Archive: Oct 2021



The Molehill Podcast: The Stephens Hill Horror

By The Rabbit Room

The Molehill Podcast is back for Halloween with a special, Lovecraft-inspired ghost story from Pete Peterson: “The Stephens Hill Horror.” Be afraid; be very afraid.

P.S. There are rabbits. Scary rabbits.

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The Habit Podcast: Hannah Hubin on Collaboration

By The Rabbit Room

This week on The Habit Podcast, Jonathan Rogers talks with writer, poet, and lyricst Hannah Hubin.

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Hutchmoot: Homebound Encore

By The Rabbit Room

Did you miss out on registering for Hutchmoot: Homebound this year? Well, now is your chance to get in on the fun!

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Headwaters: An Interview with Andrew Osenga

By Drew Miller

In case you haven’t heard, Andrew Osenga has launched a Kickstarter campaign to fund his new album, Headwaters—a collection of songs written to be sung by families, friends, and churches that deals with themes of time, personal legacy, collective repentance, and more. I had the pleasure of asking Andrew some questions about his creative process, his hopes for this album, and where the idea for it originated. Enjoy, and be sure to back his Kickstarter!

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Release Day: The God of the Garden by Andrew Peterson

By The Rabbit Room

We’re so excited to celebrate the release of a brand new book by Andrew Peterson: The God of the Garden: Thoughts on Creation, Culture, and the Kingdom. It’s a lovely exploration of the intimate connection between humans and humus that began all the way back in the Garden of Eden—and yet it is firmly rooted in the present, drawing out implications for how we tend to our lives today.

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Collaboration & Community in All the Wrecked Light

By Hannah Hubin

A language scholar told me this summer that, in the Hebrew culture, the imagined direction of man in time was reversed. While we in the modern western world see ourselves as moving forward in time, facing the future with the past behind us, the ancient Hebrew mind saw the opposite.

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Membership Highlight: The Befuddlementorium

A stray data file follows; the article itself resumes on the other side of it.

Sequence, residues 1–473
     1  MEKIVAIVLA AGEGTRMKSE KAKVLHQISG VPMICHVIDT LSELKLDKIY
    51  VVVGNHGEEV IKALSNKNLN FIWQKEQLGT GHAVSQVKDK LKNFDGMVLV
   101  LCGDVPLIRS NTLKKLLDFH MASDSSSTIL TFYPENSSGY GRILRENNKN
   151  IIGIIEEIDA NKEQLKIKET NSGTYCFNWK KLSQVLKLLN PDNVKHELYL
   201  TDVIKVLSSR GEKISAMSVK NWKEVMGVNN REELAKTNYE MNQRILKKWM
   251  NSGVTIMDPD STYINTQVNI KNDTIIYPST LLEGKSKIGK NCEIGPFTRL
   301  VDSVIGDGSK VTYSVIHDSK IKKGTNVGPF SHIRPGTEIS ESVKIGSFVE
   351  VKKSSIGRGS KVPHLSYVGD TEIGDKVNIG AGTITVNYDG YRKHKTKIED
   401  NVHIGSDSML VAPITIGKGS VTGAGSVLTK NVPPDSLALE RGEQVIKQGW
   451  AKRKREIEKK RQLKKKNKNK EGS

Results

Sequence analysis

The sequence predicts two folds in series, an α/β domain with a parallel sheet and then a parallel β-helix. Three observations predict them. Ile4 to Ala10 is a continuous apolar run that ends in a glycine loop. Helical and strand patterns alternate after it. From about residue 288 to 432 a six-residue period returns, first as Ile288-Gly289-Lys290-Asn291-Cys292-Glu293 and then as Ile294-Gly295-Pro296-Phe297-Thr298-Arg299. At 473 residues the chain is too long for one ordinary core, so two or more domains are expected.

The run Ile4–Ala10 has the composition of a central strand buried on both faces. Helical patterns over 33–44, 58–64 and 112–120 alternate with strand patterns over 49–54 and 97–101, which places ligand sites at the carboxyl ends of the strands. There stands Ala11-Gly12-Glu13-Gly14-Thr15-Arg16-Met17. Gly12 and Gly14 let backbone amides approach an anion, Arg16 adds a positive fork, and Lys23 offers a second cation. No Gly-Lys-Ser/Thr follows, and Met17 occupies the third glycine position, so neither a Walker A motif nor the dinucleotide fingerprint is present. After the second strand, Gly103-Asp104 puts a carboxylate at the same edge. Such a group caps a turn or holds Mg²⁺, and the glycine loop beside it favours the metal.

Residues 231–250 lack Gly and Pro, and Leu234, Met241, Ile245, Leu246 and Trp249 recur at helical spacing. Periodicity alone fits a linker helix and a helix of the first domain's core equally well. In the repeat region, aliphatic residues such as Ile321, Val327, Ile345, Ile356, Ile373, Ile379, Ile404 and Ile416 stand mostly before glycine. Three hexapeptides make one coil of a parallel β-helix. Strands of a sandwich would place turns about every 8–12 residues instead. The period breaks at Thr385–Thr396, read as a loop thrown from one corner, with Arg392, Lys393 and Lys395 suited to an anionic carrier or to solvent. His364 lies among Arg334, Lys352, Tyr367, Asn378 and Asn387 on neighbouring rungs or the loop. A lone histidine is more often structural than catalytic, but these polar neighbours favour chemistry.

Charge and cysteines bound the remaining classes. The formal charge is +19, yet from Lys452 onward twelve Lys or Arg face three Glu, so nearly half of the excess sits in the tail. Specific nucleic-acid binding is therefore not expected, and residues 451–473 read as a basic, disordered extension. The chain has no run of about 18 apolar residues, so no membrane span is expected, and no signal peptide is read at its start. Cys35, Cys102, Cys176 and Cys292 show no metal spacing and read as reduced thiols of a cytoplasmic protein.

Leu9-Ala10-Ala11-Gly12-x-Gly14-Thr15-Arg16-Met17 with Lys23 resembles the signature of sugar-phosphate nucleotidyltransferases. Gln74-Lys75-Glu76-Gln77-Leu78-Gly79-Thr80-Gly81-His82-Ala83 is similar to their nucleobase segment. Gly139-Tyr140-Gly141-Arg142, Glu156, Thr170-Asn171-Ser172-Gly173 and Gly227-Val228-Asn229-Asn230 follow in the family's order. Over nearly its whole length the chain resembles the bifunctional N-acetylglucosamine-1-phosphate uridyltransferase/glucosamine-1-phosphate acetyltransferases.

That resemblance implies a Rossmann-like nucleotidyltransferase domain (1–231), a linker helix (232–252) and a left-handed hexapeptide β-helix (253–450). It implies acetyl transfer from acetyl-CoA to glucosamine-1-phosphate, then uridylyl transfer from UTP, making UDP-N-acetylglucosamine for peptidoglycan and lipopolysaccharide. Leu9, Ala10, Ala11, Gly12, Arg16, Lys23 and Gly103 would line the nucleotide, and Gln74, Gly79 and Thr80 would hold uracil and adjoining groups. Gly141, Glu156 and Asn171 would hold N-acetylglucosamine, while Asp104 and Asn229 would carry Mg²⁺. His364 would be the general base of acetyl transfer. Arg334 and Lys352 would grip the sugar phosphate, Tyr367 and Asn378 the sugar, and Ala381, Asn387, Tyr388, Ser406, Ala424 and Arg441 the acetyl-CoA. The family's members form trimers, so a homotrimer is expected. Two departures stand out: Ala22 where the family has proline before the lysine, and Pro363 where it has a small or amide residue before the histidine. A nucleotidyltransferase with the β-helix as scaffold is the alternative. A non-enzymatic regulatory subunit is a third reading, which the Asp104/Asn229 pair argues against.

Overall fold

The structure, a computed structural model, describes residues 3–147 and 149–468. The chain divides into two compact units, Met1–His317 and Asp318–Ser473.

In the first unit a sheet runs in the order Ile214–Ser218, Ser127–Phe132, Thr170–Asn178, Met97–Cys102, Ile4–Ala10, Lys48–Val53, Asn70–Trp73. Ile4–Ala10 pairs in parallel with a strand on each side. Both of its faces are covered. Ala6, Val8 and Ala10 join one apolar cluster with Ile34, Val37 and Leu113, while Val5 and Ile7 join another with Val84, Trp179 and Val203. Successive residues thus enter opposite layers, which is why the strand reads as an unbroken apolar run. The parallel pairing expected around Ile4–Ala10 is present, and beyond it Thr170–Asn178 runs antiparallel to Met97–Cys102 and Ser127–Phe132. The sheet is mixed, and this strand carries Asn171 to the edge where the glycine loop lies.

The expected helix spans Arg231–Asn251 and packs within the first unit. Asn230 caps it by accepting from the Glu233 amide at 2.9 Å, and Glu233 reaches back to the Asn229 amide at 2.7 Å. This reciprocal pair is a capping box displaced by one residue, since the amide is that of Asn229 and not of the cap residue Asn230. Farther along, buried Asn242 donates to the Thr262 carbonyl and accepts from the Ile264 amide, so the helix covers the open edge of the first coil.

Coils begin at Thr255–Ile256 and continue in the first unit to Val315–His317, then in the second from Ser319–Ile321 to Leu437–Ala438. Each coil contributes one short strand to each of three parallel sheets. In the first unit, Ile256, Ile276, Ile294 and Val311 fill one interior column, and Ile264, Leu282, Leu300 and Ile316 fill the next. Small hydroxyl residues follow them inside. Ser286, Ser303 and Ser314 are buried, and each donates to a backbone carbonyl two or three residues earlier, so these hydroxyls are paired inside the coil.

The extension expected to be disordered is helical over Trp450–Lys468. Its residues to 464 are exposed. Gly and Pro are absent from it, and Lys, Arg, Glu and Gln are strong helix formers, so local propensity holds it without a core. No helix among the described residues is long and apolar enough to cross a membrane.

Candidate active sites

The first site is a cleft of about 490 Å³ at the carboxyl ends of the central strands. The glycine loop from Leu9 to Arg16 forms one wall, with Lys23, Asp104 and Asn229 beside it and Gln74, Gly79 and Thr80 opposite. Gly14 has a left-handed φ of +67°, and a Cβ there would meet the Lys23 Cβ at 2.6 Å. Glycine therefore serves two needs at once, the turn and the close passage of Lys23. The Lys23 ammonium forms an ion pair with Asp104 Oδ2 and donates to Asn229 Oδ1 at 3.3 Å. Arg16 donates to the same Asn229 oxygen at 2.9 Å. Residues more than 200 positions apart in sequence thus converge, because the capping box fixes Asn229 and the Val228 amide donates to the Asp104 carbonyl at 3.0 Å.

By The Rabbit Room

To become a Rabbit Room member is to invest in the creation and cultivation of story, music, and art in order to nourish Christ-centered communities for the life of the world. As a member, you’ll be the first to hear about exciting new projects, your opinion will be requested, and you’ll be let in on secrets. Not to be overlooked, however, is the healthy dose of fun and games that our members are privileged to enjoy—like Hutchmoot: Homebound’s Befuddlementorium. What in the world is a Befuddlementorium, you ask? Allow us to explain.

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There Comes a Little Pilgrim, and This Time, He’s a Rabbit

By Gina Sutphin

I’m not exactly sure where this journey began. It certainly didn’t start with us as a couple. It didn’t start with little Joe Sutphin drawing pictures on church bulletins with his dad. It didn’t start with little Gina Black singing into her hairbrush wanting to be Amy Grant. It didn’t even start with our parents, or Helen Taylor, or even John Bunyan himself. Parts of this puzzle probably began all the way back before God made humanity. It’s likely rooted somewhere in that space of existence and knowledge that reaches beyond what our finite mind can fathom and understand. I have come to accept that much of this experience we call life falls into that space.

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Sad Stories Told for Laughs: Dave Barnes

By The Rabbit Room

This week on The Habit Podcast, Jonathan Rogers interviews Dave Barnes, singer-songwriter, standup comedian, and cohost of the Dadville Podcast.

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Out of the Deeps of the Dragon King

By Rose Swillum

[Editor’s note: We are pleased to present the winner of the 9th-12th grade section of the Creaturepedia writing contest: Out of the Deeps of the Dragon King by Rose Swillum. Congratulations, Rose!]

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A Review of Taylor Leonhardt’s Hold Still

By Drew Miller

I think my wife, Kelsey, said it best: “Find me in twenty years and I will still be listening to this warm, rich album.” Everything about Hold Still is a slow burn—even down to the process of making it, from what I’ve gathered. Begun before the pandemic and finished just a few months ago, Taylor Leonhardt sure had to hold still in order to make it. But the result of her patience is an abiding work which is sure to stand the test of time.

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It’s Not a Poem Until You Discover Something: An Interview with Scott Cairns

By Andy Patton

When I think of the most impactful conversations I have had, the one hour I spent talking about art and poetry with poet and professor Scott Cairns several years ago stands at the top of the list.

I can see now that some of my most cherished ideas about art and poetry—the importance of tradition, the necessity of discovery, the power of perseverance in the work, the fact that the writing life is just another way to live a normal life—were planted in me like seeds during this conversation. I want to share it now in hopes that Scott’s ideas will benefit you as much as they have me.

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